The reporter realized how the farmer’s explanation also applied to peoples’ lives in the most fundamental way… Those who want to live meaningfully and well must help enrich the lives of others, for the value of a life is measured by the lives it touches. And those who choose to be happy must help others find happiness, for the welfare of each is bound up with the welfare of all…

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Hurt People Hurt People

​It’s been quiet here in Wondrland, and it’s not because I haven’t wanted to say anything. I’ve been wanting to talk about Mental Illness, and haven’t been certain how to approach the conversation. Cos, you know, that’s something you’re “not supposed to talk about”. But since there’s not a day that goes by when I’m not faced with evidence of mental illness in someone I know, including myself, I want to talk about it.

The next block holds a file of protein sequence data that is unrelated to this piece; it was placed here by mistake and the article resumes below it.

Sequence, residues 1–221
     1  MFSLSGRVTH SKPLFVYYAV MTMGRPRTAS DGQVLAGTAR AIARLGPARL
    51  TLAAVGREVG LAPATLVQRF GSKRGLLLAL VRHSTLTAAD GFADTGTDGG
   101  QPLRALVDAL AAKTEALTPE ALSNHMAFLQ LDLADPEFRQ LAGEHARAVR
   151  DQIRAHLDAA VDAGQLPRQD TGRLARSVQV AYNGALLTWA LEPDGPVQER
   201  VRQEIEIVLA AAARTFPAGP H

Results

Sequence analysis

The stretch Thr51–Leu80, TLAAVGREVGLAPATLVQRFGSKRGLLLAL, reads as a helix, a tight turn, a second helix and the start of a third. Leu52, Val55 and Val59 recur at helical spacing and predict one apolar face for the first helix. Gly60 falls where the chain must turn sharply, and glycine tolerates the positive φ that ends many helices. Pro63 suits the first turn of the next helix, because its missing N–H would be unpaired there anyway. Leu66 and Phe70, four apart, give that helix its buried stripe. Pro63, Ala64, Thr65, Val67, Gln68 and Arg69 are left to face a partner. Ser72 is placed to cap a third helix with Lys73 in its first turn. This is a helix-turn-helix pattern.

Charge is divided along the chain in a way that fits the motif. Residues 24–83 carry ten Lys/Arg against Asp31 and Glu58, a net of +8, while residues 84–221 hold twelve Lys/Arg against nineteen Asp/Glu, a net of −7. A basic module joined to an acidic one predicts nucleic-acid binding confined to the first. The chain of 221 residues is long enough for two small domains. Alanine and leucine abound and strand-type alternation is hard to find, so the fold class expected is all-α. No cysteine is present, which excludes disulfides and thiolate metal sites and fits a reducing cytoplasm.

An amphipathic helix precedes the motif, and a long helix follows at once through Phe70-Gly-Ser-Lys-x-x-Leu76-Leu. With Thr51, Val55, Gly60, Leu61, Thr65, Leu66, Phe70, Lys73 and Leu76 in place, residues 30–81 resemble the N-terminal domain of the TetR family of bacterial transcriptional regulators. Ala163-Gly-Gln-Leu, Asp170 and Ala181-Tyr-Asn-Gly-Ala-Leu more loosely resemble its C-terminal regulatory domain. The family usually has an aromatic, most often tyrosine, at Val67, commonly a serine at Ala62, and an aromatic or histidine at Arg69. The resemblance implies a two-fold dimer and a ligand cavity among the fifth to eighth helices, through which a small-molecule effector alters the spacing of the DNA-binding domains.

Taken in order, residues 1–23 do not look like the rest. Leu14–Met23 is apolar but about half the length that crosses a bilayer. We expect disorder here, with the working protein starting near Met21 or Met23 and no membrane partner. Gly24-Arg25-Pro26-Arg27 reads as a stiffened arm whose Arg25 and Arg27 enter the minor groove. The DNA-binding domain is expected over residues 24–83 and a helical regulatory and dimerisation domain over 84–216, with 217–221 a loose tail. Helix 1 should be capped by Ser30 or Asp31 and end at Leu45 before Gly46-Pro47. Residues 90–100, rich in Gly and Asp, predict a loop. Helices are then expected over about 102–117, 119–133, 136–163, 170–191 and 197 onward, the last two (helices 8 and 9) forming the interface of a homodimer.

As you probably know, mental illness can be hereditary or it can be a response to events in a person’s life. Something that you may not be aware of (I wasn’t for a long time) is that a mental illness can begin to appear at any point in a person’s life. Childhood, adulthood, or any other time of life, things can begin to go…sideways. The part that matters most, I suppose, is when the “differences” start to be addressed and treated. 
When I began to have concerns about my child’s behavior, I was told  “that’s just how boys are!” and also, from my family members, “You were the same way at that age!” Which caused me to wonder if that’s just how the boys in MY family have always been, and if there was something going on with ME at that age that might have been handled differently, and had a seriously more positive outcome?